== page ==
Spring Clean Your Digital Profile

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Download the document at A Platform for Good.

The idea of spring cleaning each individual’s digital profile is terrific — something for parents and teachers to do themselves and then share with children.

Just like we tidy up our homes and our gardens in March, April and May, it’s a good time to put our digital domiciles on the to-do list. Paying attention to the upkeep of our digital footprints and devices allows us to clean up and polish online images and minimize potential problems on our devices and gadgets. In the process we learn a lot about ourselves, but also about the details that others can learn about us online.

So check out the Family Online Safety Institute’s (FOSI) digital life spring cleaning mini-poster over at the organization’s newish web space, A Platform for GoodFOSI designed A Platform for Good as an informational site that helps  parents, teachers, and teens connect, share, and do good online.  The website’s about page shares this thought about its mission:

Our vision for A Platform for Good is to start a dialogue about what it means to participate responsibly in a digital world. While recognizing the potential risks, we will celebrate technology as a vehicle for opportunity and social change.

The clean-up-your-digital-life mini-poster, available by link or download, asks each of us take some time to dust off our online lives. Suggestions include ensuring that our passwords are strong, Googling ourselves to see what comes up from a search, and examining our devices to be sure that they are secure and up-to-date. The Platform for Good document also encourages individuals — adults and children — to evaluate the privacy settings on any social network accounts (many adults and children reside on these sites as if they are second homes or at least daily digital playgrounds).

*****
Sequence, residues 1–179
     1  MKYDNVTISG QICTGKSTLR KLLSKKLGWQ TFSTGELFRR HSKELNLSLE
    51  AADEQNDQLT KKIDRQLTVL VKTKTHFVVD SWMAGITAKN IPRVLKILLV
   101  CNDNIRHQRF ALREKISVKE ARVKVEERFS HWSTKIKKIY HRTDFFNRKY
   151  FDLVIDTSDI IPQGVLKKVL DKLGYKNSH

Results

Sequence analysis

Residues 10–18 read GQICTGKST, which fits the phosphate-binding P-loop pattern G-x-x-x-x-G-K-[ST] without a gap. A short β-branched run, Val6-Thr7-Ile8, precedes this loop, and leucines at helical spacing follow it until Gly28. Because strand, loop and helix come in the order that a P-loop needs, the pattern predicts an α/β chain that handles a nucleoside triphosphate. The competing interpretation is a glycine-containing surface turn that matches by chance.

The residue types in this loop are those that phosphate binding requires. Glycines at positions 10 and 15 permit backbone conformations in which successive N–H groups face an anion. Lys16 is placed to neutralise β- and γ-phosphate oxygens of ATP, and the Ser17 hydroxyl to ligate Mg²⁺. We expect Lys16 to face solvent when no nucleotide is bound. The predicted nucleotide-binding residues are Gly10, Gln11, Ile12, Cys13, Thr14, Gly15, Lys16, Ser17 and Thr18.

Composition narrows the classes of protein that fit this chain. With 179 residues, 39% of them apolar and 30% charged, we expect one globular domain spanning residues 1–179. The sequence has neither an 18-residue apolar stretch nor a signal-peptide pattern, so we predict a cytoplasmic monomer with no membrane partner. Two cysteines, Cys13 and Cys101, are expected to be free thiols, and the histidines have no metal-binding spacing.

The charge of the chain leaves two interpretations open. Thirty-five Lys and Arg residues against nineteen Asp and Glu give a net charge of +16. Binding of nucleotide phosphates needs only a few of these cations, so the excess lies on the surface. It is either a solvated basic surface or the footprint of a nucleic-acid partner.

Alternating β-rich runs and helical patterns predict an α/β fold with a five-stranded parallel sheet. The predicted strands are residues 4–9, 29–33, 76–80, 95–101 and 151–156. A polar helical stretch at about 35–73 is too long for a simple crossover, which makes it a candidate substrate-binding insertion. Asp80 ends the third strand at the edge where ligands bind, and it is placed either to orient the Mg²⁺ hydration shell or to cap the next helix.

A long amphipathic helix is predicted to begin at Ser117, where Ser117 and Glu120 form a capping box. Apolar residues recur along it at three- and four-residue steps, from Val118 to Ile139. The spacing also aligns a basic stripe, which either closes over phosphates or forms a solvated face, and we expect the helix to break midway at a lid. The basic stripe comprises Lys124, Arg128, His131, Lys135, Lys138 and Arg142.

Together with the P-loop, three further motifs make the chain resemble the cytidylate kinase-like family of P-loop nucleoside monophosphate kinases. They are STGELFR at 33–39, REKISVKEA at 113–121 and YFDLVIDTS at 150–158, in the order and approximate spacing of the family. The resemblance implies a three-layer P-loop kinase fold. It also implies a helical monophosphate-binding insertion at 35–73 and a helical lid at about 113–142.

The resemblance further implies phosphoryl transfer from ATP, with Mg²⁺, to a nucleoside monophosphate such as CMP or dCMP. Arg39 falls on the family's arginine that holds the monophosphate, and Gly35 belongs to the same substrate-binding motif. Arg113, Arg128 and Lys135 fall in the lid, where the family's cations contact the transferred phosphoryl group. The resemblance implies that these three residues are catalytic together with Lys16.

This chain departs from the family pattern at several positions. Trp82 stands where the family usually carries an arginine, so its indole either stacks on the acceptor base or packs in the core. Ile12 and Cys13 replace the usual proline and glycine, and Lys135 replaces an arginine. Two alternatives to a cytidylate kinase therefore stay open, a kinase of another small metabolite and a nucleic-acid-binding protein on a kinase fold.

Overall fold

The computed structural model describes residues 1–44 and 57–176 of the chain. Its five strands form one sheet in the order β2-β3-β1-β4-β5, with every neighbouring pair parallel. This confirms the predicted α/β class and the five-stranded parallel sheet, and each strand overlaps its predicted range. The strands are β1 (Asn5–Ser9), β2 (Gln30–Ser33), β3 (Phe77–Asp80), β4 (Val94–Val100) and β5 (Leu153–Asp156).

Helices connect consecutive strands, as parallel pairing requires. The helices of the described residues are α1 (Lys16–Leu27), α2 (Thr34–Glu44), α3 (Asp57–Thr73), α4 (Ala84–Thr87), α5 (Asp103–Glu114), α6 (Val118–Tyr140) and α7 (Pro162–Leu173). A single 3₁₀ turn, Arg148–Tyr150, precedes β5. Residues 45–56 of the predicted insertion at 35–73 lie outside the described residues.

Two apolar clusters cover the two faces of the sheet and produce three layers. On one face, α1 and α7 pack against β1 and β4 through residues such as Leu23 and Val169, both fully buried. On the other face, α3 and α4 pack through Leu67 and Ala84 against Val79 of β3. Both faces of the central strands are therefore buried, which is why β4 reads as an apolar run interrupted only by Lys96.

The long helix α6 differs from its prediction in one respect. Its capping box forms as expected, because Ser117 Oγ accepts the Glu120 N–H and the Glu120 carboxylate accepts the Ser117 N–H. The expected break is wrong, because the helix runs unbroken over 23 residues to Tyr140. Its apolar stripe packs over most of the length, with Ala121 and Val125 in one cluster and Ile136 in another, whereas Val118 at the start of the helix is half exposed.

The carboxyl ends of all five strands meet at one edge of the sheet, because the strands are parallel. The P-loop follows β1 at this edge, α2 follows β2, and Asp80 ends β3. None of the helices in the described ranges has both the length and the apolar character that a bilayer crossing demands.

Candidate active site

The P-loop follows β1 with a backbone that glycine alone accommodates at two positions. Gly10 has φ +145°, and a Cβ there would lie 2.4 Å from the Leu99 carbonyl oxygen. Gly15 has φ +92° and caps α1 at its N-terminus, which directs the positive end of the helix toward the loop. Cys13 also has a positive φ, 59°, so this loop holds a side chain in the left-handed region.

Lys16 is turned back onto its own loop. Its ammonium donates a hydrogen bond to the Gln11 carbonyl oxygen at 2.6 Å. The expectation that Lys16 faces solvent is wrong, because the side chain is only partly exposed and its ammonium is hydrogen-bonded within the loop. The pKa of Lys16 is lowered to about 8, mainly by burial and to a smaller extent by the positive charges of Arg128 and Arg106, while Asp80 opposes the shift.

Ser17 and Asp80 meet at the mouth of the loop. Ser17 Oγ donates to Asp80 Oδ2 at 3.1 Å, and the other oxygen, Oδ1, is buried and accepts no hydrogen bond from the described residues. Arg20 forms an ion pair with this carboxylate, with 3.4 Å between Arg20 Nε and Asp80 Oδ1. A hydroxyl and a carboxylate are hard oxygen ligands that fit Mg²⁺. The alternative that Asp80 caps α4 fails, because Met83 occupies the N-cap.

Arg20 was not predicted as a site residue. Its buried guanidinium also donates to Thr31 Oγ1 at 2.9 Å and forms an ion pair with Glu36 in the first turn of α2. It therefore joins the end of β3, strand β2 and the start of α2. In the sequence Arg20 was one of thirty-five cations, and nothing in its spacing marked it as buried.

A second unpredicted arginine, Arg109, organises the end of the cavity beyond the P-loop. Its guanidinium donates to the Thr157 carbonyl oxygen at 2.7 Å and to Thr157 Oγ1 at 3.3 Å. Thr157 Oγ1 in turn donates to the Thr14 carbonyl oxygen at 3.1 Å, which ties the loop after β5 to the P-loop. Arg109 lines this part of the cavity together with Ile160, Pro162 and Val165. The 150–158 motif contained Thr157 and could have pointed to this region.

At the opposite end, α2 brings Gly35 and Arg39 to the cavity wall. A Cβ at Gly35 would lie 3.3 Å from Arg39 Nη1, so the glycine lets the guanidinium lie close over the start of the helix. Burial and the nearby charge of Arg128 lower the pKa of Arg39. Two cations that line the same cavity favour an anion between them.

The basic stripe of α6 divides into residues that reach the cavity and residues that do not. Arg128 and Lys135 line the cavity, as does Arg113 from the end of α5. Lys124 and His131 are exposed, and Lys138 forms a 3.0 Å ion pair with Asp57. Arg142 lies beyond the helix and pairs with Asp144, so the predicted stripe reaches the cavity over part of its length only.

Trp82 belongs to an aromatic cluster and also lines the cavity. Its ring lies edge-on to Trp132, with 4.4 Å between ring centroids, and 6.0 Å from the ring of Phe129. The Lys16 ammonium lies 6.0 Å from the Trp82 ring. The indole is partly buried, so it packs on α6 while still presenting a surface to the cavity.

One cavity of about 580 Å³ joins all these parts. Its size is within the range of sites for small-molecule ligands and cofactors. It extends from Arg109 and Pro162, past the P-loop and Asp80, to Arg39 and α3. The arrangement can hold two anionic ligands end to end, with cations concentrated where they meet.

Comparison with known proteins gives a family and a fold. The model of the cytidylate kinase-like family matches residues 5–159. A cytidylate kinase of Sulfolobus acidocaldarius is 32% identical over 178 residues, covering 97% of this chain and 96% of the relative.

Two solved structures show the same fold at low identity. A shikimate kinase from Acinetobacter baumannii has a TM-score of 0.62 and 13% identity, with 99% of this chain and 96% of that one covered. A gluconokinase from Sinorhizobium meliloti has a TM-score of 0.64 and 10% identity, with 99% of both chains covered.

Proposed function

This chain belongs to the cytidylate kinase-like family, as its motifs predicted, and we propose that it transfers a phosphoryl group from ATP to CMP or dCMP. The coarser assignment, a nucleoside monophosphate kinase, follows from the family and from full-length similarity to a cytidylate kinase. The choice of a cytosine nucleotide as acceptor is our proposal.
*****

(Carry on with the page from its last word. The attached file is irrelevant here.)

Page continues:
So why should we go through this process?          Continue reading

Celebrate Christmas? Check out this Digital Advent Calendar

Check out Jacquie Lawson e-cards!

My mother sent me an electronic Advent calendar from Jacquie Lawson E-cards and Greetings. It’s amazing. No, this calendar is not just amazing — it cute, whimsical, and downright fun. Also it’s a simple and easy gift to give to a grandchild, a grandparent, or anyone in-between — and it’s easy to use. It may be necessary to join the e-card site, but it’s cheap relative to what we spend on cards and greetings.

Each morning, just like when I was a child, I dash to my computer or iPad, open the digital door, and start the day’s Advent/Christmas animation. My calendar depicts Victorian London, and so far I’ve decorated a tree, watched a London market stock up for Christmas, and explored a room inside Big Ben’s clock tower.

A couple of weeks ago the calendar arrived via an e-mail message with a download link and instructions. It works on my PC and my Mac (in fact, the day after installing it, I upgraded to a new Mac operating system, and the calendar continued to play without a hitch), and an advent calendar app is available on iTunes.

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Terms of Use, Readability, and Digital Kids